Celebrating local wildlife in style!
After an amazing year of activities, events and wonderful wildlife projects we decided to organise a fun festival to celebrate our amazing local wildlife…in style!
Our Wildlife Connections project officer, Manon Keir, organised the two-day event with the help of conservation partners, volunteers and Chester Zoo staff. Here she tells us how it went:
“Months of planning, miles of bunting, hundreds of plant pots and dozens of meetings later the 16 September finally arrived and I couldn’t have been more excited! It was finally here, everything was in place and now all we needed was for everyone to join us at our Wildlife Connections festival to celebrate UK wildlife!
“When we first started planning the Wildlife Connections festival we wanted to make it a real celebration of how wonderful the species around us are, but also highlight the threats facing them that could mean future generations don’t get the chance to enjoy seeing them. The key things that we wanted to make sure we achieved were that everyone that came along found out at least one thing they could do to help local wildlife, learn why they need to help and that everyone had loads of fun!
“We were really pleased to be able to work with local community groups and creative companies to come up with fantastic unique colourful attractions that caught everyone’s eye. A real effort was made to make the festival as green as possible, including having a solar powered cinema and stage and using mostly recycled or reused materials for the games and other attractions. It really was such a team effort, from all the volunteers and staff that helped collect all the materials to make decorations and games to the carpark team who made sure everyone found their way down to the nature reserve to get involved with all the fun.
“Having a queue of eager school children outside the gate at 9:50am on the Friday was the icing on the cake. I was so pleased that they had come along and would get to enjoy all the activities we’d arranged. We had a real mixture of groups that day and a really good turn–out despite the quite gusty conditions. With the live band playing, colourful flags fluttering, laughing and chatting the atmosphere was great and it only got better on the Saturday when the sun joined in too.
“The volunteers and staff got very excited about dressing up as butterflies with giant wings with help from Emily at Cabasa Carnival Arts. Katrice the storyteller had a full house down in the grass amphitheatre and the drone was flying overhead capturing images of all the festivities.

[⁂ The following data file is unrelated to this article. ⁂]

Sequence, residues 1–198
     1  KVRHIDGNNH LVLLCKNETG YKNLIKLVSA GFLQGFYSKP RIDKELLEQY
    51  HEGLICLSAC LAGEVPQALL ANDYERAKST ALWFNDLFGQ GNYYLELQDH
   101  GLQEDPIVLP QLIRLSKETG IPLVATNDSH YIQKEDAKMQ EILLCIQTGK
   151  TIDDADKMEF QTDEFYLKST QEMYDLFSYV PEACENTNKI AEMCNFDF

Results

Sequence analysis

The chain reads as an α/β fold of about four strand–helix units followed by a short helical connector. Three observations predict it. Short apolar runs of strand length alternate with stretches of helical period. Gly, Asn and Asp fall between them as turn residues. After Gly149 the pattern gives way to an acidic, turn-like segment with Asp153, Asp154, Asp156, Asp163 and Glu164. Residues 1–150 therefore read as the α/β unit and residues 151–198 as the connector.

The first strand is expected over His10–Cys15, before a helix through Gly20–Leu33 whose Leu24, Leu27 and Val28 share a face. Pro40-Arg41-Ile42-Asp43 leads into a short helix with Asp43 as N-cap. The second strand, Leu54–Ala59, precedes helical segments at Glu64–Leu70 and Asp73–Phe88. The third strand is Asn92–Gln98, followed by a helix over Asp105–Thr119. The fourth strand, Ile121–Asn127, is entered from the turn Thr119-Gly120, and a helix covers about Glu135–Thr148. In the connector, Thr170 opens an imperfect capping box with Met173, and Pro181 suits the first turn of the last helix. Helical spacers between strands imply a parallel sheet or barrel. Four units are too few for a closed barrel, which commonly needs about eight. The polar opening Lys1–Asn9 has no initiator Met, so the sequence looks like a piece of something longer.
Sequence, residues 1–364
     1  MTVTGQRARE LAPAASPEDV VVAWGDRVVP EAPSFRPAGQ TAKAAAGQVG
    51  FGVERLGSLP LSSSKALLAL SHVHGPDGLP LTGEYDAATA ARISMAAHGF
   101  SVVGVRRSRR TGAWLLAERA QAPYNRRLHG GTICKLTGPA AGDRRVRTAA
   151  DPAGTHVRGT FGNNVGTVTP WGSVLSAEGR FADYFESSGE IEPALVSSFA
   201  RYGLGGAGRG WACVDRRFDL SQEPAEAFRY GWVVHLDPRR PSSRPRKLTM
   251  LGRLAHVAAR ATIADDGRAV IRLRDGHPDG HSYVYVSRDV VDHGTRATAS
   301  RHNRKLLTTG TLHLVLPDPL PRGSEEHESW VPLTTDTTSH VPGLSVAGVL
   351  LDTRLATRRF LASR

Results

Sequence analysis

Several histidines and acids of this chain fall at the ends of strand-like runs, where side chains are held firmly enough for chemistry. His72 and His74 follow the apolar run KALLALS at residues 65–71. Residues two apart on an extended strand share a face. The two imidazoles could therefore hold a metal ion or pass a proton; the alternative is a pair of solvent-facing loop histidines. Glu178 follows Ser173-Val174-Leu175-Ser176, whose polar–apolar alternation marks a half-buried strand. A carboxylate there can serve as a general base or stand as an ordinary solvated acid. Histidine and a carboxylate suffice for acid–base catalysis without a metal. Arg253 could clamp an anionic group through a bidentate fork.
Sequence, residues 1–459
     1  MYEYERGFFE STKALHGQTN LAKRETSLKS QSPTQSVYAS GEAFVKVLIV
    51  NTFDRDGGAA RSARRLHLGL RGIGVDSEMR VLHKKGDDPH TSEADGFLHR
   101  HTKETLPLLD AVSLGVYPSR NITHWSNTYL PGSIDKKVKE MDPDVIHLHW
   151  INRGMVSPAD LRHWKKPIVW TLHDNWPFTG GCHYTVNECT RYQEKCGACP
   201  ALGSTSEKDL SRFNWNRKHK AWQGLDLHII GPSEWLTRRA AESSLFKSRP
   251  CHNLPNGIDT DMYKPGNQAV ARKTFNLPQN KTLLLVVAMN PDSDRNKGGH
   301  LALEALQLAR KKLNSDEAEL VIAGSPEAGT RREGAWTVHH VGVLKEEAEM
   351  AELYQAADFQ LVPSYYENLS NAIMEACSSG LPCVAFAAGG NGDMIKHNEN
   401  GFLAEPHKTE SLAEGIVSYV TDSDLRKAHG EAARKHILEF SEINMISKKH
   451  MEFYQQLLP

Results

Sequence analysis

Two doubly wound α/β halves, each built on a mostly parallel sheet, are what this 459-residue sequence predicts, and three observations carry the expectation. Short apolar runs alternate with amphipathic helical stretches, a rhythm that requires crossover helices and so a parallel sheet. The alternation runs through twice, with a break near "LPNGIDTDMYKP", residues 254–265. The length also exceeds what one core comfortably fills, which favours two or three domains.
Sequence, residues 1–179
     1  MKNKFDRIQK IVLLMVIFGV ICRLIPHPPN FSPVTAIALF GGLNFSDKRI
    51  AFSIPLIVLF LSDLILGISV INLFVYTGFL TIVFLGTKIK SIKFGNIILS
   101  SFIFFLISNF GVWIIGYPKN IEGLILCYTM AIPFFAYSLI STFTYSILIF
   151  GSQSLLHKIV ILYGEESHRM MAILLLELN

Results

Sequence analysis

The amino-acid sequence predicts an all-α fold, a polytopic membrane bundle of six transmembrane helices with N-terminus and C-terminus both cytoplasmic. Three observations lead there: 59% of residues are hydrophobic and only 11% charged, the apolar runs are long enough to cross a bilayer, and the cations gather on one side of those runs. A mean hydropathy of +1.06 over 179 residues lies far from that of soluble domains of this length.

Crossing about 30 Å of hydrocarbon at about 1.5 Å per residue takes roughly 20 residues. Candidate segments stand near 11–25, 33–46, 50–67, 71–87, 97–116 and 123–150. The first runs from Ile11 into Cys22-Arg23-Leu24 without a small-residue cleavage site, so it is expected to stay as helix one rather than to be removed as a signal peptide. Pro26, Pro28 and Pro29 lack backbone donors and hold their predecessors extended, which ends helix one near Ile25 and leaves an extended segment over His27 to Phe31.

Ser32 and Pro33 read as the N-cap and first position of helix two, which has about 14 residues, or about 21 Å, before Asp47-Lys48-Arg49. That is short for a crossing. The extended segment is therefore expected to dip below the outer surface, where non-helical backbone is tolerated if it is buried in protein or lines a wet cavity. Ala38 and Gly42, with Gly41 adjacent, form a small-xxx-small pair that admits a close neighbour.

“The discoveries on the Safari Walks were quite surprising with quite a few unexpected critters found living in the nature reserve’s pond. The species records map grew and quickly filled up with all the wildlife that was spotted in our nature reserve and the pledge forest grew as more and more people pledged to help their local wildlife.
“Hundreds of bird feeders, nest material balls, bug hotels and seed bombs were created and made their way home to help everyone take that first step to making a safe space for wildlife.
“Sol Cinema was a great hit near the zoo entrance, with dozens of people settling in for a few minutes with some popcorn to watch environmental films. The centrepiece of the bumblebee garden bloomed with colourful bees and flowers decorated beautifully by zoo visitors. Girl Guides, the RSPB, Friends of the Earth and wildlife recorders entertained and educated everyone about all the great work they do to help local wildlife in communities. Games were made and played with help from Barclays coders, bees were pinned on flowers, toads thrown on lily-pads and prizes won in games made by our volunteers.
"It really was a great event, both days were filled with fun but more importantly I think the activities everyone got involved with really helped share the message that everyone has a role to play in conservation and that’s it’s more important than ever that everyone does their bit."
Wildlife Connections is all about helping to reverse the declining UK wildlife populations by helping to open up the landscape to wildlife with wildlife corridors and making new areas of good habitat in gardens and community spaces that will help the wildlife around us thrive.
If you missed out on the festival don’t worry, you can still get involved and find out how you can help make safe spaces for local wildlife HERE.